Preparations are underway for the annual New York tradition of the Times Square New Year’s Eve ball drop.
Before the 11,875-pound Waterford Crystal ball can drop at midnight, signaling the start of 2014, workers spend days preparing for one of the largest New Year’s Eve celebrations in the world. That included a “practice” confetti drop on Sunday in Times Square, complete with comic book characters. Workers started installing the ‘14’ and other parts of the famed ball earlier this month.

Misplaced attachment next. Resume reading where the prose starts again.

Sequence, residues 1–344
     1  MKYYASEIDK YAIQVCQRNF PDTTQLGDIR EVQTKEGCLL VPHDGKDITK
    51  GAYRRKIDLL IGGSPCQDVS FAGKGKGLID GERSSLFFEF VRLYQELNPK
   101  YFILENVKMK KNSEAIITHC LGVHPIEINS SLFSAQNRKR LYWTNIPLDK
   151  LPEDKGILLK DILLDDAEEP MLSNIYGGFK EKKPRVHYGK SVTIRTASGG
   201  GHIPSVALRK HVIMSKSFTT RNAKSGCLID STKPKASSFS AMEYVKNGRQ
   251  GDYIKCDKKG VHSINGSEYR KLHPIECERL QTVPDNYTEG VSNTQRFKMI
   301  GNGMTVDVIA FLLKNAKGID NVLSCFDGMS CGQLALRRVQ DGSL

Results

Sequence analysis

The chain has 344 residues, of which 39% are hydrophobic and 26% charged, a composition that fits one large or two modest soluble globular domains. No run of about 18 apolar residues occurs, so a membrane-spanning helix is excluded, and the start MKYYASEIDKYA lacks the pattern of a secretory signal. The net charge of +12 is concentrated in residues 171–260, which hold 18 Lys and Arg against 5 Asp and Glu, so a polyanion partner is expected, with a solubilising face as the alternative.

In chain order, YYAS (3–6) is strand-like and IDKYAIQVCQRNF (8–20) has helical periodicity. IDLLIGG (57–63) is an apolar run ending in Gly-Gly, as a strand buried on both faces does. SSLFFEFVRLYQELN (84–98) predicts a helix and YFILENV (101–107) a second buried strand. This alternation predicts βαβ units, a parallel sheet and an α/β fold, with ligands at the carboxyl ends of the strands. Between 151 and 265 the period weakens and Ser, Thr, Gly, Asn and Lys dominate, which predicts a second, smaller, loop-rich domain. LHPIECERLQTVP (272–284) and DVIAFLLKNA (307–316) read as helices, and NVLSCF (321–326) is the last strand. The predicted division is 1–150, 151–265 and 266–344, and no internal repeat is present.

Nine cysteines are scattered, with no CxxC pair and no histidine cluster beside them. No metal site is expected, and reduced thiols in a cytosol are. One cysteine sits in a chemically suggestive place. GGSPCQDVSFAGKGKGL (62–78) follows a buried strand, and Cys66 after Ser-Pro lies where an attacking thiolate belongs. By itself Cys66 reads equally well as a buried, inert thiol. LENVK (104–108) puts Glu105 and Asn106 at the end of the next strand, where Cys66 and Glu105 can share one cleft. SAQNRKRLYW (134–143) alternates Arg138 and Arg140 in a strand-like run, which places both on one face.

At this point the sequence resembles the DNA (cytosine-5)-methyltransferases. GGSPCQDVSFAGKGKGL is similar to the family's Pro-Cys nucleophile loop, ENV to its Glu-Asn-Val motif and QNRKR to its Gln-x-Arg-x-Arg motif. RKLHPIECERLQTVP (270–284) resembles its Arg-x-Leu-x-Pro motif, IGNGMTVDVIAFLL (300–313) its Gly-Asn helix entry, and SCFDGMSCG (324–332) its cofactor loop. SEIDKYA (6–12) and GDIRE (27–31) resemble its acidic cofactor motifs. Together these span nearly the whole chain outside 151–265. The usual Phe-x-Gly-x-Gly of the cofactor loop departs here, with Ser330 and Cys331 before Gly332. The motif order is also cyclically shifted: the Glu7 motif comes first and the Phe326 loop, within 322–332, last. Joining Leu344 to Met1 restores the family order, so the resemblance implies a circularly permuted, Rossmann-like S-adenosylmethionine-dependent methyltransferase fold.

The ball is covered with 2,688 crystal triangles that vary in size and allow it to display different designs with a kaleidoscope of patterns. It takes more than 32,000 LED bulbs to light the famous sphere.
The ball has been lowered every year since 1907, with the exceptions of 1942 and 1943, when the ceremony was suspended due to the wartime “dimout” of lights in New York City. The first New Year’s Eve ball, made of iron and wood and adorned with 100 25-watt light bulbs, was 5 feet in diameter and weighed 700 pounds. Over the years it was replaced several times with aluminum, wrought iron, and in 2007 Waterford Crystal crafted the most recent version.